Instead the message seems to be that when we join up and “accept Jesus” our lives should instantly improve. The best believers are those who are most often in church, and when we are in church, we are happy and active, working for God’s Kingdom. Whatever incipient negative emotions and un-worked-through brokenness we carry to the church building is implicitly expected to be left on the doorstep as we go into the happy/holy church where it is all about God and not about us.
Unfortunately, however much we may try to live as if this approach to life and faith is true and possible, the reality is our brokenness is a part of us. We can’t leave it at the door. We can’t heal it simply with faith and prayer. We can’t make it go away by being lost in worship or in God’s work. We don’t become whole beings through believing in Jesus or through attending a church regularly. These things can be a part of the process of healing from brokenness and creating a more healthy identity, but they are not, in themselves, a cure.
As a result, churches too often naively foster a remarkably immature, un-self-aware attitude. People who are unaware of or not at peace with their own brokenness are far more likely to hurt others than those who know their imperfections. In reality both the aware and the unaware carry their brokenness with them, even into church, but with those who are unaware it is more likely to manifest itself in petty squabbles, power struggles, cliques, “speaking the truth in love,” and other relationship poisoning behaviours.
I knew a woman once who had a great desire to run a luncheon club for the elderly, but the members of her church catering committee wouldn’t let her near the kitchen, so she travelled across town by bus to run a lunch club in a different church. I’ve also known church members, both male and female, who complain constantly that no one helps them, and there is no one else to do the work if they don’t. Yet these same people are often surrounded by willing and able workers who are not volunteering because they don’t want to work with someone who is so controlling and critical.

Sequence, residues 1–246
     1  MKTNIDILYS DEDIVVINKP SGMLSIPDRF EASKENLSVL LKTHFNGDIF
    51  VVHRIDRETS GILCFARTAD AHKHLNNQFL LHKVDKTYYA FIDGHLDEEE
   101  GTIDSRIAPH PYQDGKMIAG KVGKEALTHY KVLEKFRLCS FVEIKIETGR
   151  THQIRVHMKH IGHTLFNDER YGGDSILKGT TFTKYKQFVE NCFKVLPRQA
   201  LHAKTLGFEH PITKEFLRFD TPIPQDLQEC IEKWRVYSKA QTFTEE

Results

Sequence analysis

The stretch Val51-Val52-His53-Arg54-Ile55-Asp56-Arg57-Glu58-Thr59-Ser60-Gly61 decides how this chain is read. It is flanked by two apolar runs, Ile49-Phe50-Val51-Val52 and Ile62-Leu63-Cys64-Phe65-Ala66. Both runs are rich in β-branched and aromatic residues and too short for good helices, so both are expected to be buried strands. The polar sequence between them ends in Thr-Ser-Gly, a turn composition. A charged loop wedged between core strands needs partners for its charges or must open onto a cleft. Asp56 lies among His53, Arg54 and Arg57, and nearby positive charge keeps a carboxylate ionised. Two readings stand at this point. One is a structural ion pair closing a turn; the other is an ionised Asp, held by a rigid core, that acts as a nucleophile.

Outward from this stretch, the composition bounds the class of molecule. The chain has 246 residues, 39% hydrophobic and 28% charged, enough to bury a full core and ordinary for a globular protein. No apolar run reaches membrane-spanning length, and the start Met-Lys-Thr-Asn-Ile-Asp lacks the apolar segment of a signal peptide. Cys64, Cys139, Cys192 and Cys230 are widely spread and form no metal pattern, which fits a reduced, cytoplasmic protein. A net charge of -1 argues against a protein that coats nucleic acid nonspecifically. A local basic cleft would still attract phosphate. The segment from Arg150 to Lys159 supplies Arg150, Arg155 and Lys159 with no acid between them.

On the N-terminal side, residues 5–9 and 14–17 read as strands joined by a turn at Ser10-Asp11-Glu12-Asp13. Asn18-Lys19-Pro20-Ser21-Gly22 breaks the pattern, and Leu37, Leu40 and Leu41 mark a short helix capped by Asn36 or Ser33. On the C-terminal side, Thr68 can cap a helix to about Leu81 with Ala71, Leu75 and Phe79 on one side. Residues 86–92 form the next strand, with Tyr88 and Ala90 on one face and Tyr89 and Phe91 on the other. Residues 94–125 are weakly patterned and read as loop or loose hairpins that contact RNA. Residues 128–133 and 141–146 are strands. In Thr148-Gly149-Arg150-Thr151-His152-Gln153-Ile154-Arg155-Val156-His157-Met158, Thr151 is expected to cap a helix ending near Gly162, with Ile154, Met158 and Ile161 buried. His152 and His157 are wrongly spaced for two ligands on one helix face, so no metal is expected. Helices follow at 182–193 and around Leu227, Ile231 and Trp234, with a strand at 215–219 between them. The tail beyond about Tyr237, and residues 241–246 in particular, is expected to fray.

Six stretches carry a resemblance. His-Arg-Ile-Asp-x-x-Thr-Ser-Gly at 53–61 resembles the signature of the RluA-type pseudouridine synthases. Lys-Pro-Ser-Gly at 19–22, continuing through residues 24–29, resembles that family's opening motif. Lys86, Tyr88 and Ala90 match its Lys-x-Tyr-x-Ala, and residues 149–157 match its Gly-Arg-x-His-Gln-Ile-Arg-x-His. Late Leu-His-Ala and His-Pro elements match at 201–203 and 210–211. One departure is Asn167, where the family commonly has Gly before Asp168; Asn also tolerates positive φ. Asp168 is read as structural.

Such behaviours and brokenness are, of course, inevitable in church life. Churches are, after all, populated by people, and people are always imperfect. The particular problem that churches seem to have, is an institutional incapacity to confront such childish and controlling behaviour. “Don’t upset her, we need someone to run the kitchen!” “Don’t start him off, you’ll never hear the end of it.” “Don’t contradict him, just ignore his nonsense.” “Don’t let her get to you, just do your best.”
In effect, we tiptoe around people who are as destructive to the hearts and minds of others as the proverbial bull and even build emotional structures into our communities to protect and enable these people in their destructive behaviours. Why? Because we have to be nice. Christians love people, right?
Yes, Christians are called to love people.
Read it again. Christians are called to love people. Like Jesus did.